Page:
When Barry was a boy of three
the Selma March made history.
Our nation's first black President
could not have then conceived
how much that Bloody Sunday nailed
the plight of those unjustly jailed.
Barack would only later see
the milepost it was.
That march would help to bridge a gap
in which young gifted blacks were trapped.
It blazed a trail through "no man's land"
to reach a voting booth.
The march of progress has been slow
and there is still so far to go.
In spite of strides we all have made,
God weeps at what He sees.
Yes, after half a century
a King's dream of equality
remains a nightmare haunting those
who long for righteousness.
Through what I do and what I say,
Lord, may I be a bridge today
providing love the means to walk
with freedom, grace and hope.
* In case you didn't get to watch our President's speech in Selma, here's a link. What "Ask not what your country can do for you" was for JFK, Selma was for Obama.
|PO BOOKS BY GREG ASIMAKOUPOULOS
Sunday Rhymes & Reasons
Published June 4, 2009
Sunday Rhymes and Reasons is a compilation of inspirational poetry by America's pastor/poet laureate, Greg Asimakoupoulos. In this, his third volume of poetry, Pastor Greg paints word pictures that portray both the struggle and fulfillment that define a life of faith. His repertoire of rhymes celebrate rite-of-passage occasions like birth, baptism, marriage and death as well as the major holidays of the church and culture. It is a volume that illustrates the poet's love of words and of popular culture. The author dips his brush into a paint box of hubris, humor and honesty.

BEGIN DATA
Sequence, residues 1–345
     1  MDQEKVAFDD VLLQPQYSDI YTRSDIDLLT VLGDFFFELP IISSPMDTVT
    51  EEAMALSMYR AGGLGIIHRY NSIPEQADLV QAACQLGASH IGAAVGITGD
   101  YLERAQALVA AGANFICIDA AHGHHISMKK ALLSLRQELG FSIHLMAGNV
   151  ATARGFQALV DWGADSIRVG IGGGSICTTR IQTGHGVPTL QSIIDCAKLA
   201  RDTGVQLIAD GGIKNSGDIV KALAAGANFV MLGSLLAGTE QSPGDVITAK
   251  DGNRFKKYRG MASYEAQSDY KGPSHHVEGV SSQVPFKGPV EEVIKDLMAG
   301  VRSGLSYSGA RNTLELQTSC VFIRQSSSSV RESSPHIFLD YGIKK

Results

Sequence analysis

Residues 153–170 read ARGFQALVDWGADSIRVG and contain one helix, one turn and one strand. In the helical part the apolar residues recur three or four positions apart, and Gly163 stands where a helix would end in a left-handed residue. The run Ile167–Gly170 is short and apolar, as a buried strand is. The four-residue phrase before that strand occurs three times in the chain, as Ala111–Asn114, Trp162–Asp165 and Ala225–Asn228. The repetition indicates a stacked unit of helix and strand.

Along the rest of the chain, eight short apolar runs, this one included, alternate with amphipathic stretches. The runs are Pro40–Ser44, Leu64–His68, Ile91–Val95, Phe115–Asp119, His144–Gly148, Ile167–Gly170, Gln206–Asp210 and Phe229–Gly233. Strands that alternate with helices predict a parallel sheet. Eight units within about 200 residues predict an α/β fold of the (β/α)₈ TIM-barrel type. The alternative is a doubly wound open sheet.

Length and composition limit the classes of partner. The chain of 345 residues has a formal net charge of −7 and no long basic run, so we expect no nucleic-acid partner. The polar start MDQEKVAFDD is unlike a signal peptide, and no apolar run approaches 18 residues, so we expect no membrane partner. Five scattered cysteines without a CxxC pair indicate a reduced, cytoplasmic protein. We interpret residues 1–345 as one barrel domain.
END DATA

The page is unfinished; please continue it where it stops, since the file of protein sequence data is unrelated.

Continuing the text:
"Gloria and I have been encouraged by word pictures from Greg's pen that have celebrated both our ministry and God's presence in our world." – Bill Gaither, Gospel music composer/performer
"Gifted poet Greg Asimakoupoulos is a dear friend of our family. His poetry blesses, comforts, entertains, and provides inspiration for every season of life." – Natalie Grant, singer/songwriter/recording artist
Teachings of a Three Year Old... Turned Tyke,
by Hal Evan Caplan.
A father learns from the wisdom of his toddler.